Under the Current Trends scenario, agriculture and food production will keep growing. This will increase pressure for land-use change, water use, and use of energy-intensive inputs, which will also lead to higher greenhouse gas emissions. Under the Accelerated Actions scenario, less agricultural and food output is observed by 2050 compared to the Current Trends scenario, since this scenario affects economic growth and increases production costs. Livestock production is more greenhouse gas emissions-intensive than crop and food production, which, under carbon-pricing policies, drives demand downward and increases costs and prices. Such impacts are transmitted to the food sector and imply lower consumption of livestock-based products.
Land-use changes in the Accelerated Actions scenario are similar to those in the Current Trends scenario by 2050, except for land dedicated to bioenergy production. At the world level, the Accelerated Actions scenario requires cropland area to increase by 1 percent and pastureland to decrease by 4.2 percent, but land use for bioenergy must increase by 44 percent.
Under the Current Trends scenario, the world is likely (more than 50 percent probability) to exceed 2 C global climate warming by 2060, 2.8 C by 2100, and 3.8 C by 2150. Our latest climate-model information indicates that maximum temperatures will likely outpace mean temperature trends over much of North and South America, Europe, northern and southeast Asia, and southern parts of Africa and Australasia. So as human-forced climate warming intensifies, these regions are expected to experience more pronounced record-breaking extreme heat events.
Under the Accelerated Actions scenario, global temperature will continue to rise through the next two decades. But by 2050, global temperature will stabilize, and then slightly decline through the latter half of the century.
“By 2100, the Accelerated Actions scenario indicates that the world can be virtually assured of remaining below 2 C of global warming,” says MIT Joint Program Deputy Director C. Adam Schlosser, a lead author of the report. “Nevertheless, additional policy mechanisms must be designed with more comprehensive targets that also support a cleaner environment, sustainable resources, as well as improved and equitable human health.”
The Accelerated Actions scenario not only stabilizes global precipitation increase (by 2060), but substantially reduces the magnitude and potential range of increases to almost one-third of Current Trends global precipitation changes. Any global increase in precipitation heightens flood risk worldwide, so policies aligned with the Accelerated Actions scenario would considerably reduce that risk.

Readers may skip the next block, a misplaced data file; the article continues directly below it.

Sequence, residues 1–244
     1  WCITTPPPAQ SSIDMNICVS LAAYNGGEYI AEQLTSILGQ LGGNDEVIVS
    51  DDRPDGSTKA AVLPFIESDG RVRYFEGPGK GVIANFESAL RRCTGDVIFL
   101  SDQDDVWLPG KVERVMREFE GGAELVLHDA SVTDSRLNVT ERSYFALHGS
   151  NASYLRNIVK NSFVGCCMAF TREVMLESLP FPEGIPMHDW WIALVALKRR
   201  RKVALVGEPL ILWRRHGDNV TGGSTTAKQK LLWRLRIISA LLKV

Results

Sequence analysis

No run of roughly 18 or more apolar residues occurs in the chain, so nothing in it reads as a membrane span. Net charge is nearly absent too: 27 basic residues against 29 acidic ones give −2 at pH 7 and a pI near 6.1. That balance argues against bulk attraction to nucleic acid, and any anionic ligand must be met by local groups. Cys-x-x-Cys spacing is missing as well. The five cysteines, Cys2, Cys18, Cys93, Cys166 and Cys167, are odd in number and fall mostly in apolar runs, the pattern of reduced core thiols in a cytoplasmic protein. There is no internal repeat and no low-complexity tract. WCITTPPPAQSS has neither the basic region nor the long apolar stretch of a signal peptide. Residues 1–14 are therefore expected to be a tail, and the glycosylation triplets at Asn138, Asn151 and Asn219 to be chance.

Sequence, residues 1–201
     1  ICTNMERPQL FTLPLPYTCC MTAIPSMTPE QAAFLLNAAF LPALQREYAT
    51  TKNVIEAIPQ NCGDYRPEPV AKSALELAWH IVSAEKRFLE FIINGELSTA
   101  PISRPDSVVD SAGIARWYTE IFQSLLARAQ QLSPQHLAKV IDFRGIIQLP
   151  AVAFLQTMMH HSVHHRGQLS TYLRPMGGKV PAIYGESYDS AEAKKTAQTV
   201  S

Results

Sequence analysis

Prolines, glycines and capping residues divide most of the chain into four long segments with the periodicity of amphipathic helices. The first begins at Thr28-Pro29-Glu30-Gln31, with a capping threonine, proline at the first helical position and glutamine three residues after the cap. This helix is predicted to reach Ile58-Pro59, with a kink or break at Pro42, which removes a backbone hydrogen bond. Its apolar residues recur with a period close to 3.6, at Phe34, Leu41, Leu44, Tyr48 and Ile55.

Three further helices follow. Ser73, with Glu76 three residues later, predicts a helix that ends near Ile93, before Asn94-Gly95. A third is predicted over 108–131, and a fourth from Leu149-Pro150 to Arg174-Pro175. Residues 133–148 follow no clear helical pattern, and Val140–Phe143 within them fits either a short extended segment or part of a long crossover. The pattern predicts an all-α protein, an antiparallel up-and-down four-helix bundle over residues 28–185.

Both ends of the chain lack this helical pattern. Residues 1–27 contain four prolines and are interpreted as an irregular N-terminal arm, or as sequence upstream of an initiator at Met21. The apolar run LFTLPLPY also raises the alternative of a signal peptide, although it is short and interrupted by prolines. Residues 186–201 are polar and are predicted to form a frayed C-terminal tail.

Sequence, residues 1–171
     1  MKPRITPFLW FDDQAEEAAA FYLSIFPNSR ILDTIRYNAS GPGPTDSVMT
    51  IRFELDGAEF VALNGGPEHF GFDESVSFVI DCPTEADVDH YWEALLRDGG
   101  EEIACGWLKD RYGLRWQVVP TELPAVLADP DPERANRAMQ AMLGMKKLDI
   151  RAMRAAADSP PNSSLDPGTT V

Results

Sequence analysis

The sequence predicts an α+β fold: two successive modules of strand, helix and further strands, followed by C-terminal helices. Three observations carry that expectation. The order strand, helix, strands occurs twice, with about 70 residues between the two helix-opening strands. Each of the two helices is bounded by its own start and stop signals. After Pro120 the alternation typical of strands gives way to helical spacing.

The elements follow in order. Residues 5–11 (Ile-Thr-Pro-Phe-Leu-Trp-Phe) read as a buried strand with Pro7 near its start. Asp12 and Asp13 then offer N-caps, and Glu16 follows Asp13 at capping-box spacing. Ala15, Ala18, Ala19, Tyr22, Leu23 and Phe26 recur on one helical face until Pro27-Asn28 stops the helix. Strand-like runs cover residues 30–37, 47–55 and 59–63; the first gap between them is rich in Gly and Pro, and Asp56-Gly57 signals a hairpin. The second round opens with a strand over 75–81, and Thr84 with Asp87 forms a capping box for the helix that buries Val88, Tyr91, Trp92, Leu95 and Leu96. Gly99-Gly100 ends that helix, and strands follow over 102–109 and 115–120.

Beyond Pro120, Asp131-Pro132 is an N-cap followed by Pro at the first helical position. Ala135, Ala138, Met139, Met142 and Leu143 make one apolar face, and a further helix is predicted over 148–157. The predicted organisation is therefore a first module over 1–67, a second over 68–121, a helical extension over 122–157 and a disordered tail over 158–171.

Prospects for meeting Paris Agreement climate goals
Numerous countries and regions are progressing in fulfilling their Paris Agreement pledges. Many have declared more ambitious greenhouse gas emissions-mitigation goals, while financing to assist the least-developed countries in sustainable development is not forthcoming at the levels needed. In this year’s Global Stocktake Synthesis Report, the U.N. Framework Convention on Climate Change evaluated emissions reductions communicated by the parties of the Paris Agreement and concluded that global emissions are not on track to fulfill the most ambitious long-term global temperature goals of the Paris Agreement (to keep warming well below 2 C — and, ideally, 1.5 C — above pre-industrial levels), and there is a rapidly narrowing window to raise ambition and implement existing commitments in order to achieve those targets. The Current Trends scenario arrives at the same conclusion.
The 2023 Global Change Outlook finds that both global temperature targets remain achievable, but require much deeper near-term emissions reductions than those embodied in current NDCs.
Reducing climate risk
This report explores two well-known sets of risks posed by climate change. Research highlighted indicates that elevated climate-related physical risks will continue to evolve by mid-century, along with heightened transition risks that arise from shifts in the political, technological, social, and economic landscapes that are likely to occur during the transition to a low-carbon economy.
“Our Outlook shows that without aggressive actions the world will surpass critical greenhouse gas concentration thresholds and climate targets in the coming decades,” says MIT Joint Program Director Ronald Prinn. “While the costs of inaction are getting higher, the costs of action are more manageable.”